SA’s Problem Number 1

2015-02-16 06:00

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A few months before the 1994 elections, Tony Leon went to campaign on the campus of the University of the Western Cape, then the self-professed “intellectual home of the left”.

At the time, the feisty Leon was the most prominent face of the Democratic Party (DP), eclipsing the now late Zach de Beer, who was as charismatic as a Saudi stripper.

The hall was packed with students from various political formations, with ANC colours matching those of the DP.

The liberation movement’s songs being sung by pro-ANC students and union members were louder than the chants of the hosts.

When Leon began speaking, the ANC crowd continued singing and drowned out his message.

Defiant as ever, he tried to speak above the crowd, but they just sang louder.

As things got rowdier and spun out of control, vice-chancellor Jakes Gerwel and ANC stalwart Kader Asmal tried to reason with the students, telling them democracy meant everyone should be allowed to have their voices heard.

It was to no avail, and Leon was eventually chased out of the hall and off the campus.

As his car raced off the university premises, with missiles following in its wake, Gerwel and Asmal stood on the road looking forlorn and defeated.

This lowly newspaperman, then a young reporter covering the event, quite enjoyed the moment. Like the students and union members, I was chuffed that the no-go zone had been adequately protected.

Who was this Leon to think he could campaign at the intellectual home of the left? How dare he? He should just campaign among his whites and leave the intellectual home of the left to its rightful owners.

I’m ashamed to say it, but I smiled as the students and union members celebrated their “victory” over freedom of speech and freedom of association.

Twenty-one years later, senior members of the governing party celebrated the violent eviction of an opposition party from the National Assembly.

They applauded as security men roughed up fellow parliamentarians and bundled them out of the House. These “boys” had been taught a lesson, was the sentiment.

Later that night, ANC heavyweight and Minister in the Presidency Jeff Radebe addressed a media briefing in which he used a lot of d’s.

Giving the Cabinet’s response to the night’s events, he said government was “disgusted and disturbed” with the chaos in Parliament.

He said there were people who were bringing the hard-won democracy into “disrepute”.

This behaviour was “dishonouring” the work of people who had paid with their lives to free South Africa.

The public would be “disappointed” and outraged about those who disrupted President Jacob Zuma’s address to Parliament and all South Africans should condemn the “despicable” actions of the people whose sole intention was to “disrupt” Parliament.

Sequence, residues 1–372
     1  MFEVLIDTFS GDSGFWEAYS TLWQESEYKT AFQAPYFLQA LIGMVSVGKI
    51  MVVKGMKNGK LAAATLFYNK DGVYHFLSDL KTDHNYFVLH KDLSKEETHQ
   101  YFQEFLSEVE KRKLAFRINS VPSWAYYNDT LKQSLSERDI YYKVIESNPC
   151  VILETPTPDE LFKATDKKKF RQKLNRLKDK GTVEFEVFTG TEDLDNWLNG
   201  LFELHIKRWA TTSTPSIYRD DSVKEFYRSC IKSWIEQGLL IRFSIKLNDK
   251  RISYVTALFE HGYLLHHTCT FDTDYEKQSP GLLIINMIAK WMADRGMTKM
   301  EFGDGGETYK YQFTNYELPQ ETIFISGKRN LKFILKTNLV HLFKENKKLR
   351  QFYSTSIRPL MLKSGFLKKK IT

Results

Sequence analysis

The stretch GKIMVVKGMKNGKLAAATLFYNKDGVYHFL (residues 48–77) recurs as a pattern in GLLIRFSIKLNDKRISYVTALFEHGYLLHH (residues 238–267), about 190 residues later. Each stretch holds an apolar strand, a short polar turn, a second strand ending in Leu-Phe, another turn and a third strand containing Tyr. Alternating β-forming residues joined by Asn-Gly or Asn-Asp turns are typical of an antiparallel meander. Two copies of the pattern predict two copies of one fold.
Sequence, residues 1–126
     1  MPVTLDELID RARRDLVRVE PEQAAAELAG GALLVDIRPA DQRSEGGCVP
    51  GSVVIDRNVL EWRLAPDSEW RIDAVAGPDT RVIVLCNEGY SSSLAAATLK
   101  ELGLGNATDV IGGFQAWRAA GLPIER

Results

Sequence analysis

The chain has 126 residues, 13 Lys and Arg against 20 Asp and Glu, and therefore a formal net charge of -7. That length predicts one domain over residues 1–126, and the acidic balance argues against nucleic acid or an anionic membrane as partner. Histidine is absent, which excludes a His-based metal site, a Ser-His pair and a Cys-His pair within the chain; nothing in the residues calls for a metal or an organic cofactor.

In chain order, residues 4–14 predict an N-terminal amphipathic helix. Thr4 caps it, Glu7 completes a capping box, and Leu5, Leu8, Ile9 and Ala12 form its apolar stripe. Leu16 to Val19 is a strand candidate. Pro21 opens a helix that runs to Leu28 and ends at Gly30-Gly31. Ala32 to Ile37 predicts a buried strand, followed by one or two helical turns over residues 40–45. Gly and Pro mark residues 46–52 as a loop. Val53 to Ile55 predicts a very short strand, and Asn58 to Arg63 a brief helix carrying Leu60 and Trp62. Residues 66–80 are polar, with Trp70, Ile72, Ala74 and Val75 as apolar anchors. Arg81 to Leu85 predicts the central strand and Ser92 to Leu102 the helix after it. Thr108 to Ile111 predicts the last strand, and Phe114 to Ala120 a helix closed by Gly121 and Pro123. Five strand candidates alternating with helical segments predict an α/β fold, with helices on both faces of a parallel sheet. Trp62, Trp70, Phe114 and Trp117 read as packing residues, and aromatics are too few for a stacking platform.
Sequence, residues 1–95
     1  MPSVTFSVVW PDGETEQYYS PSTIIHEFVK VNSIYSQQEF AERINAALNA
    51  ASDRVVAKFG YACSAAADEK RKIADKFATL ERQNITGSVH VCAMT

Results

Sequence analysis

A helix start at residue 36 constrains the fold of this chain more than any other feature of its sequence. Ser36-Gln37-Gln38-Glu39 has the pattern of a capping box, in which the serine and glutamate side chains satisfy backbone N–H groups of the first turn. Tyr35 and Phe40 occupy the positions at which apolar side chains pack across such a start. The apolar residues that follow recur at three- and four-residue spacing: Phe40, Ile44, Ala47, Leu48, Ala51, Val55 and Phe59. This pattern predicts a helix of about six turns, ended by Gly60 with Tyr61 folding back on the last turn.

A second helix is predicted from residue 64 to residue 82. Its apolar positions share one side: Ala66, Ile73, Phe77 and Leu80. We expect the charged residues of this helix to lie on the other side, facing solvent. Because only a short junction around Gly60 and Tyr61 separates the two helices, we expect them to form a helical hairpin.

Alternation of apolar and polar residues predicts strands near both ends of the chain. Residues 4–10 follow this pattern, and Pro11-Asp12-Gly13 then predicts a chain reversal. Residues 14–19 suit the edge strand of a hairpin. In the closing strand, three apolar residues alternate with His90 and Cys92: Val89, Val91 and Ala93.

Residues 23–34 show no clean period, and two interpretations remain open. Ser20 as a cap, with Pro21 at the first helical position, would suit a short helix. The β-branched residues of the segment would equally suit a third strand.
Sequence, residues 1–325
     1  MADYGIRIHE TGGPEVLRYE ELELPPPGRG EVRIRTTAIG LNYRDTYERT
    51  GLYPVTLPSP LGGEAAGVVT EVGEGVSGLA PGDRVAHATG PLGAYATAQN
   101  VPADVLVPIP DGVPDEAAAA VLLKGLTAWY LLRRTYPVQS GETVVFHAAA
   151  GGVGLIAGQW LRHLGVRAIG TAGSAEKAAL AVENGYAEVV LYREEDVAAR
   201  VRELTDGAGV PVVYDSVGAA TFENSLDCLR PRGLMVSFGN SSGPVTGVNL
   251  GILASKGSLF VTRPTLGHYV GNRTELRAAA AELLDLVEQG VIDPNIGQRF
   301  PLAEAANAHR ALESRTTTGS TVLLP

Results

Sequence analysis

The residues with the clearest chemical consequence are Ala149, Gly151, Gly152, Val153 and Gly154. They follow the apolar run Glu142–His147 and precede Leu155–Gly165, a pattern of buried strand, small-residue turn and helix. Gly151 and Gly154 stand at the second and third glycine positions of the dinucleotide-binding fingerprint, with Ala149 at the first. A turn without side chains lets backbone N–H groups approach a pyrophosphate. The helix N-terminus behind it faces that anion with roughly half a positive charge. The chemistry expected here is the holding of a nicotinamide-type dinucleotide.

Like many South Africans, Radebe was angry and sad. He was angry at the red-clad battalion who had humiliated the president and drowned out his speech.

Unlike many, he was angry with the disrupters, not the cause of the disruption.

It was a night to remember. Not for happy reasons, like the night of December 16 1995, when Orlando Pirates beat Asec Abidjan to clinch the African Champions Cup.

The night of February 12 2015 will be remembered because the heart of democracy was pierced by a governing party that refused to see that the problem in South Africa was the person its members chose to lead us; that our problem was a Jacob Zuma problem.

The Oscar Pistorius and Shrien Dewani matters are probably the only major controversies with no Zuma element in them.

Institutions of governance and state-owned enterprises have been paralysed and rendered ungovernable by Zuma-related controversies. The judiciary, the prosecuting authority, intelligence services, the police and chapter 9 institutions have all been infected.

Parliament has been affected for some time, but last week was significant because the state of the nation address was infected by the Zuma germ.

In time to come, we will look back on this day and realise its saddening significance.

The Sona is a serious affair despite the red carpet fashion parade. It is a day of serious business in which we should trust that the head of state has applied his mind to the state of the nation.

Although Zuma has generally used his addresses to practise his latest repertoire of giggles and show off his improving literacy, the rest of the country has continued to take the day seriously. It is a politically sacred day. But that all changed on Thursday.

We were told in a very direct way that, to protect Zuma from answering a simple question, Parliament was willing to forgo its sanctity, and the freedoms of citizens could be summarily curtailed.

Once the opposition members had left, national council of provinces chairperson Thandi Modise apologised to the nation for the scenes that had taken place. She also apologised to Zuma, the prime cause of the problem.

The president then took to the podium – but before he started speaking, he giggled.

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